Turning a blank page into a magnificent 30,000-word story is a feat not easily won. Staring at the blinking cursor just waiting for you to type, is beyond frustrating and demotivating. And, knowing where to start a story, or rather, how to start is something many writers struggle with. But, to understand how to begin a story, we first have to look at why the first page is so critical to a successful story.
Though most important information, exciting details, and any major plot points take place in later chapters, the first chapter, first page, and even first paragraph can be far more major.
The number one reason why the beginning of a story is so critical is that it’s the foundation upon which the reader will judge the book. Think back to past books you’ve read. You’ve probably used that first chapter to judge the rest of the book, whether you were aware of it or not.
A boring, uneventful, hard-to-get-through first chapter can leave the rest of the book feeling dull. A first chapter that is so unbearably slow can be the last before you put the book down and grab something else to read. So, even though the first chapter will most likely be somewhat uneventful, it should still be able to hook the reader in.
Not only does the first chapter draw the reader in, but it also sets the tone for the rest of the story. After reading a few pages, the reader should understand the tone, genre, and feel of the story they are about to read. A first chapter that is completely different from the rest of the book can lead to a confused reader.
So, now that we understand why the beginning is so important, let’s look at how to start a story that will captivate your readers.
How To Start a Story
A cutback beginning starts the story at the height of the tension, the middle of the climax. Then, it cuts back to a normal day before the inciting incident right before the most intense, no-return part occurs.
Example: We were rushing down the river, heads barely above water. Darren gasped out, his head went under, and the current took me away. I lifted my head as far as I could, but I felt myself go under.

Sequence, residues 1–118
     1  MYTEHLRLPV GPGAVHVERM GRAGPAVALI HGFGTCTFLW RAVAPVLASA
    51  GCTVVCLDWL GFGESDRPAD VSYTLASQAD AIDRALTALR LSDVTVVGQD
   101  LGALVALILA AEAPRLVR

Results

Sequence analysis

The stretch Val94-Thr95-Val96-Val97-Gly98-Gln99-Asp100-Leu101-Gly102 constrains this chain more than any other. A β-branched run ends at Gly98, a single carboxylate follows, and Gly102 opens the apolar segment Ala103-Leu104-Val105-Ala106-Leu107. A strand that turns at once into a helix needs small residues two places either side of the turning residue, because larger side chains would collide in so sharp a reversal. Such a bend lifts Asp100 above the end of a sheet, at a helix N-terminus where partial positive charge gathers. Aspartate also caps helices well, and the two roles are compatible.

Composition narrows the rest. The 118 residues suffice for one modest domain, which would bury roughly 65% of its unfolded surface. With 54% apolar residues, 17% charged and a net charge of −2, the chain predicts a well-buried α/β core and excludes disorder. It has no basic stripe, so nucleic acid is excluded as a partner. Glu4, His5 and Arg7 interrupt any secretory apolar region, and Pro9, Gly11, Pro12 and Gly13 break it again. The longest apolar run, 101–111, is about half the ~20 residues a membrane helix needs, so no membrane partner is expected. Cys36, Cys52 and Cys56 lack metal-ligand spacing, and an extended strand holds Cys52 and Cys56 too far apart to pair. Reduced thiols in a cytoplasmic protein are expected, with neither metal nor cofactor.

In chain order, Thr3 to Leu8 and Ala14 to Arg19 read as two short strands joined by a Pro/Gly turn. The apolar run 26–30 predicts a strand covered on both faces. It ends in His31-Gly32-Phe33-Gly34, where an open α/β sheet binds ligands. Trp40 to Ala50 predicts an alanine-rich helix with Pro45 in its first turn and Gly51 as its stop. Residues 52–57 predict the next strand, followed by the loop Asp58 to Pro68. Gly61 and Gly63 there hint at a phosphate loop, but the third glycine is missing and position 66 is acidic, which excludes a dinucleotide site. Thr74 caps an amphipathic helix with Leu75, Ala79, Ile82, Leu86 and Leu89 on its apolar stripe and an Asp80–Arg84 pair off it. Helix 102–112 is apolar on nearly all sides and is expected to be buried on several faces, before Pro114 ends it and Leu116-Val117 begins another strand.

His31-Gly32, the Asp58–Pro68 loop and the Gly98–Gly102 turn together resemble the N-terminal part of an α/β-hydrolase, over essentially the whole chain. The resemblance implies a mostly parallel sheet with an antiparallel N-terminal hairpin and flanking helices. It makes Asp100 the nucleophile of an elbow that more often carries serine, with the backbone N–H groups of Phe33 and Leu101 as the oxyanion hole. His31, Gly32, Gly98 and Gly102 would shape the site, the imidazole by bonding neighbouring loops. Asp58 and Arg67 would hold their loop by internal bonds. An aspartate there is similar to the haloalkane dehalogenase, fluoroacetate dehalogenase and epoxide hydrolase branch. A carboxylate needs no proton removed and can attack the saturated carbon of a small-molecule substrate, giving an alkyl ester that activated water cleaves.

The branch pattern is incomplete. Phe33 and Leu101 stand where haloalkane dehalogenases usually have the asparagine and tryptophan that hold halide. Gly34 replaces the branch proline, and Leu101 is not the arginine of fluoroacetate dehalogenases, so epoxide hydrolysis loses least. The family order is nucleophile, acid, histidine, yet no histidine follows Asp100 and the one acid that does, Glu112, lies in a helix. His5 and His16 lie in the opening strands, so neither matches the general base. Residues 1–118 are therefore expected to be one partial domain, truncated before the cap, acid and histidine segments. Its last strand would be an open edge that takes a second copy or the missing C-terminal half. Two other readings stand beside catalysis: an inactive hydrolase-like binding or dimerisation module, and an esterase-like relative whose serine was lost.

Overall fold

“The trip of a lifetime is upon us, man.” Darren eagerly packed his bags…
This method is great for the reader because it’s filled with excitement and they get a glimpse of what they’ll be reading and the direction the story will head. A cutback adds an excellent opportunity to create twists and mislead the reader. When they get to the climax, what they thought was one thing, turns out to be about something else. Take the example above, reading it at the beginning, you expect the characters to be drowning in a river. But, once you read the story, you find out there is a sea monster that’s dragging them down and that’s what they’re fighting against.
#2: Day In The Life
Perhaps the opposite way of beginning a story with a cutback is starting with a normal day in the life of your protagonist. You show how your character acts in everyday life and begin to set up the exposition. That way, when the inciting incident occurs, it packs more of a punch. With this method, it’s important to get your readers attached to the character’s story early on. You want to create a reason for them to continue reading. Writing a typical, non-eventful day can be boring to read, so foreshadowing, character-building, and creating exposition are all ways to keep the reader entertained.
Foreshadowing isn’t necessarily a method but is something to include. Adding foreshadowing to the first chapter of your story is a wonderful way to tie the whole story together. It may not be appreciated at the beginning, but later in the story, your readers will enjoy the foreshadowing.
The mystery leads to curiosity, and that is a sure way to captivate your readers. By mystery, I simply mean leaving many details to the readers’ imagination so that they become more immersed in the book. You may leave a character rather obscure to where the reader is suspicious of their motives.
Make It Easier
Start on Page Two
To make writing your story easier, just skip the first page or chapter, whichever feels more comfortable. Starting on chapter two will relieve some of the pressure that comes with writing the beginning. You’ll most likely find writing to be easier, and once you feel ready, you can go back and finish the first chapter. And besides, having all or most of the book written will make writing chapter one even easier. You’ll know the writing style and tone of the rest of the book.
Look at Your Favorite Books
If you’re not sure how to start your story, grab a few of your favorite books and look at how they began.
How did the first chapter hook me in?
Do my favorite books all begin in a similar way?
Can this method of starting work for my story?
Sometimes inspiration is all you need to get started, so go through some of the books you own and look at how each was started. Once you get a feel for how other authors have begun their books, you may know what will work for your own.
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